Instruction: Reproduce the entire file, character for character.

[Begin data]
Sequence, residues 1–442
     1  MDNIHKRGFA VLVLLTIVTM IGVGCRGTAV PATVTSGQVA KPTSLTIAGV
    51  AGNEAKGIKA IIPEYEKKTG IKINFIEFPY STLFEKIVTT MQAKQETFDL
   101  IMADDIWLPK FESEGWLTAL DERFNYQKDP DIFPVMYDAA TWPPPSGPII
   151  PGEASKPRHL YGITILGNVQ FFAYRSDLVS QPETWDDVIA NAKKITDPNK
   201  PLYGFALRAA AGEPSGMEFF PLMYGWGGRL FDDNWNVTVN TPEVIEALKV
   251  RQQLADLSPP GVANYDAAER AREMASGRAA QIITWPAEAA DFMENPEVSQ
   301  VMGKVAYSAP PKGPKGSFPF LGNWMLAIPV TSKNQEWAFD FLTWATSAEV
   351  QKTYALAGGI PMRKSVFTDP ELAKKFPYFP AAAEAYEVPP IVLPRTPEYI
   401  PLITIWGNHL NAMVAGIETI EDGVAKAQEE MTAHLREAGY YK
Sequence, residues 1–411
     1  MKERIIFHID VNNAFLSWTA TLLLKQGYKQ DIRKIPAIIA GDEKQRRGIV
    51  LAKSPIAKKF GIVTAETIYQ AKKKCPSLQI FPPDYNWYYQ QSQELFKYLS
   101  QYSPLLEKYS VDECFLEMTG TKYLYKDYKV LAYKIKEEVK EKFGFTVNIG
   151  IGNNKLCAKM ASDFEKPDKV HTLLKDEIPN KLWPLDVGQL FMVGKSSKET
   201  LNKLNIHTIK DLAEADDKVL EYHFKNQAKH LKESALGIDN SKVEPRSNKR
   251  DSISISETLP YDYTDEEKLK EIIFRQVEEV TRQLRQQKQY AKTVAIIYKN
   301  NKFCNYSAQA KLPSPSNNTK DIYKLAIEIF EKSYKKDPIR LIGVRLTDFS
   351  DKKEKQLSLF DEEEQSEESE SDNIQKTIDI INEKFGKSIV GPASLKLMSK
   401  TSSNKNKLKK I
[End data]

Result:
Sequence, residues 1–442
     1  MDNIHKRGFA VLVLLTIVTM IGVGCRGTAV PATVTSGQVA KPTSLTIAGV
    51  AGNEAKGIKA IIPEYEKKTG IKINFIEFPY STLFEKIVTT MQAKQETFDL
   101  IMADDIWLPK FESEGWLTAL DERFNYQKDP DIFPVMYDAA TWPPPSGPII
   151  PGEASKPRHL YGITILGNVQ FFAYRSDLVS QPETWDDVIA NAKKITDPNK
   201  PLYGFALRAA AGEPSGMEFF PLMYGWGGRL FDDNWNVTVN TPEVIEALKV
   251  RQQLADLSPP GVANYDAAER AREMASGRAA QIITWPAEAA DFMENPEVSQ
   301  VMGKVAYSAP PKGPKGSFPF LGNWMLAIPV TSKNQEWAFD FLTWATSAEV
   351  QKTYALAGGI PMRKSVFTDP ELAKKFPYFP AAAEAYEVPP IVLPRTPEYI
   401  PLITIWGNHL NAMVAGIETI EDGVAKAQEE MTAHLREAGY YK
Sequence, residues 1–411
     1  MKERIIFHID VNNAFLSWTA TLLLKQGYKQ DIRKIPAIIA GDEKQRRGIV
    51  LAKSPIAKKF GIVTAETIYQ AKKKCPSLQI FPPDYNWYYQ QSQELFKYLS
   101  QYSPLLEKYS VDECFLEMTG TKYLYKDYKV LAYKIKEEVK EKFGFTVNIG
   151  IGNNKLCAKM ASDFEKPDKV HTLLKDEIPN KLWPLDVGQL FMVGKSSKET
   201  LNKLNIHTIK DLAEADDKVL EYHFKNQAKH LKESALGIDN SKVEPRSNKR
   251  DSISISETLP YDYTDEEKLK EIIFRQVEEV TRQLRQQKQY AKTVAIIYKN
   301  NKFCNYSAQA KLPSPSNNTK DIYKLAIEIF EKSYKKDPIR LIGVRLTDFS
   351  DKKEKQLSLF DEEEQSEESE SDNIQKTIDI INEKFGKSIV GPASLKLMSK
   401  TSSNKNKLKK I